EU Elections

The buzz about campus in the past week has been growing daily. Politicians

would love the hysteria induced by the end of exams to be centred around

today’s European Parliamentary elections, alas the vast majority of you reading

this won’t vote today because ‘it has very little impact upon me’ and instead

spend your day basking in the glorious sunshine (fingers crossed) with a post-
exam pint in hand, but there is no reason why you can’t do both.

It seems that MEPs are somewhat removed from our day to day lives and as

such our thought processes. I think I can speak for us all when I say that I have

never considered my MEP an important part of my life. You don’t really see

them popping up on the news as you would your local MP. Even if you don’t see

your MP about, you see posters up around local amenities, or receive invitations

through the door to their surgeries. Their faces are known, MEPs just aren’t. I’m

going to be perfectly honest. I couldn’t name one MEP. I’m not even ashamed to

say it. Their flyers litter our doormats once every five years and after this they

seem to disappear into their little Brussels centred bubble until they need us to

secure their job once again! There is a vast array of parties represented; similarly

gender, race and age all vary from candidate to candidate. But what do they

actually do?

Well first year Modern Studies class outlines of the roles and responsibilities

of a Member of the European Parliament aside, your MEP is basically your

MP but at European level. Basic but true! However unlike the raucous jeering

of national politics as we see exemplified at Prime Minister’s Question time,

European Politicians, although elected from different party backgrounds, form

a sort of alliance to act in the best interests of the country they represent. More

specifically their job is to represent your interests and those of your city or

region in Europe. They do this by listening to people with local and national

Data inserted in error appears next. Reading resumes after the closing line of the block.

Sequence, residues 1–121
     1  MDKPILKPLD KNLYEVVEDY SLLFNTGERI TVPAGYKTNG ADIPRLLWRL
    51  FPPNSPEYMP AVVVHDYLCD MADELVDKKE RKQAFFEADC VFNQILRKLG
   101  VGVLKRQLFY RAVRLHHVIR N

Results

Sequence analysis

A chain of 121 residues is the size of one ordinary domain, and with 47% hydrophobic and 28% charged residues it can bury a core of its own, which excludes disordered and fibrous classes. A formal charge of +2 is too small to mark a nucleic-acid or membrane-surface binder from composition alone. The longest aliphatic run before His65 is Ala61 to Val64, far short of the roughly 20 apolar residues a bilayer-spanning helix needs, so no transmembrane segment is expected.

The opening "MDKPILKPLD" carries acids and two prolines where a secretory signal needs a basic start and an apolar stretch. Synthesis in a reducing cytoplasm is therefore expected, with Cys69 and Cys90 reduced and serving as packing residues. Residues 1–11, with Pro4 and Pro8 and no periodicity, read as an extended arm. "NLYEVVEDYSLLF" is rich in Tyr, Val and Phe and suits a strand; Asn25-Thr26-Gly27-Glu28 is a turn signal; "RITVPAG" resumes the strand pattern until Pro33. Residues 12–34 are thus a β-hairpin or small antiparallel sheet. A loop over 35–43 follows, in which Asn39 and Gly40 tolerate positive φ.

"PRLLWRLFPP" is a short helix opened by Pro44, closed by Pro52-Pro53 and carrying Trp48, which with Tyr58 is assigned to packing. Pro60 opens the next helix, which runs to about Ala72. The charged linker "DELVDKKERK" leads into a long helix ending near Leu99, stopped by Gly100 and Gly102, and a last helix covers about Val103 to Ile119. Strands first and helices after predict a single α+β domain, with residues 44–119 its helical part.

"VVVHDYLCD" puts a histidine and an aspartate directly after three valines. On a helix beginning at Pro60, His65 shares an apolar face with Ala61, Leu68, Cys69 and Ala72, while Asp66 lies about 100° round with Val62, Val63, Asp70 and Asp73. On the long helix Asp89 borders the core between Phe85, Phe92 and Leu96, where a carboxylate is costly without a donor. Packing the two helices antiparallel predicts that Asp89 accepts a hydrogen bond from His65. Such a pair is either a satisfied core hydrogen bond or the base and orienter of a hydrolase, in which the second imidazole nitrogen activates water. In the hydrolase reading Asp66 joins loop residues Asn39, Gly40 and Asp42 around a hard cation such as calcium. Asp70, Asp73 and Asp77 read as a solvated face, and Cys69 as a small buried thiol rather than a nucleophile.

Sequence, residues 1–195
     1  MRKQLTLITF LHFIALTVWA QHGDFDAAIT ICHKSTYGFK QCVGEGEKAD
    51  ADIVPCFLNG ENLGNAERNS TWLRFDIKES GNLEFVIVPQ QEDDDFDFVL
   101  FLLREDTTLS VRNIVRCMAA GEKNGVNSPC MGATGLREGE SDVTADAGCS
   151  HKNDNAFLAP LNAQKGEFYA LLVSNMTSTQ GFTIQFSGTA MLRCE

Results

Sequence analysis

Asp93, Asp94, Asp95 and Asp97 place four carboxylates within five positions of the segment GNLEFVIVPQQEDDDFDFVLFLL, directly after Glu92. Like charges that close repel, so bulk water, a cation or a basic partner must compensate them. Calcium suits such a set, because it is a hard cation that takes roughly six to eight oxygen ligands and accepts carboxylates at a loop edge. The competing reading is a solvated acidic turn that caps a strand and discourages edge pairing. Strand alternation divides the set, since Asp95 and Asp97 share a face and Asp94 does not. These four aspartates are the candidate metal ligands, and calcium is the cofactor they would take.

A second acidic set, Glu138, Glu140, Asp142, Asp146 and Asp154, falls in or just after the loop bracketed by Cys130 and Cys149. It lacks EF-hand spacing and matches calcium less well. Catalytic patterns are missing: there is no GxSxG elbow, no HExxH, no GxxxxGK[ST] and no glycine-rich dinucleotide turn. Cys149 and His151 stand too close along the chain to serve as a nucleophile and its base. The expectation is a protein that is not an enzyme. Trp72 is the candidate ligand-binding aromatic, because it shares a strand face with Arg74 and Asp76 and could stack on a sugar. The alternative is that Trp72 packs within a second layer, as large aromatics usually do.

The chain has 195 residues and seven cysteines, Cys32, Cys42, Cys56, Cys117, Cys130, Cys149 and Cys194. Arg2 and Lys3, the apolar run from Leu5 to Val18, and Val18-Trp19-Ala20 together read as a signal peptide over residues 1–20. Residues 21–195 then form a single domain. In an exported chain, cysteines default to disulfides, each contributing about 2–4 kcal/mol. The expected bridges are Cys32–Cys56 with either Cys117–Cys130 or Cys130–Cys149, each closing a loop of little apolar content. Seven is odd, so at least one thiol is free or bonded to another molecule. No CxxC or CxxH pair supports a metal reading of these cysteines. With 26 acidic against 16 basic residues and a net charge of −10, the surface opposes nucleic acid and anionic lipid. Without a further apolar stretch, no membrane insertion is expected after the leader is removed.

concerns, to interest groups and businesses. It has taken me two years of

studying politics to be able to tell you that much!

International bodies such as the European Union are becoming evermore

important vehicles for negotiation and progress in a world which is increasingly

being burdened by global issues such as the environment. All joking aside,

the issues which are discussed by the candidate you elect to Brussels, have an

impact upon your daily life without you even realising. A simple trip to Tesco

is an exhibition of EU decisions. The price of the fish you’re buying for your tea

derives directly from the work of MEPs. The energy efficiency labels plastered

on the lightbulbs are the work of European politicians. Even the breaks allocated

to the checkout assistant who serves you are decided by your MEP. But let’s take

this to the crunch point. The vast array of foreign alcohol in the mighty Beer

Bar has got here as a direct result of British politicians acting at a European

level to secure cross-European trade. Their importance in my life has suddenly


Like it or not we are a part of Europe. I think Nigel Farrage, the anti-immigration

leader of UKIP who is married to a German woman, and a man who recently

complained about the use of languages other than English on our shores yet

is father to bilingual children proves all by himself that UKIP are not the way

forward for the socially and culturally diverse nation we live in.

All this said you can’t just turn up to vote. If you haven’t registered to vote in

Glasgow or sorted your postal vote then you can continue to lie in the sunshine

but look into registering yourself for the big Independence Referendum vote

in September. However if you have received you polling card, head to the

polling station outlined and get voting. The continuing supplies of Guinness

and Magners in the Beer Bar depends on our part in Europe, and those who

represent us depends on you!


Hannah Burgess

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